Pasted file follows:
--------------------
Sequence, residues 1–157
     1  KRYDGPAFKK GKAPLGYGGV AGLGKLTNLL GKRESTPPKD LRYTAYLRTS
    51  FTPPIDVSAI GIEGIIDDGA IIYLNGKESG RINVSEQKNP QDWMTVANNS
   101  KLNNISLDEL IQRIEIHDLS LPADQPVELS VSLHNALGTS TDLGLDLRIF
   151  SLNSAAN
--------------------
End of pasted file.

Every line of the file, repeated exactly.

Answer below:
Sequence, residues 1–157
     1  KRYDGPAFKK GKAPLGYGGV AGLGKLTNLL GKRESTPPKD LRYTAYLRTS
    51  FTPPIDVSAI GIEGIIDDGA IIYLNGKESG RINVSEQKNP QDWMTVANNS
   101  KLNNISLDEL IQRIEIHDLS LPADQPVELS VSLHNALGTS TDLGLDLRIF
   151  SLNSAAN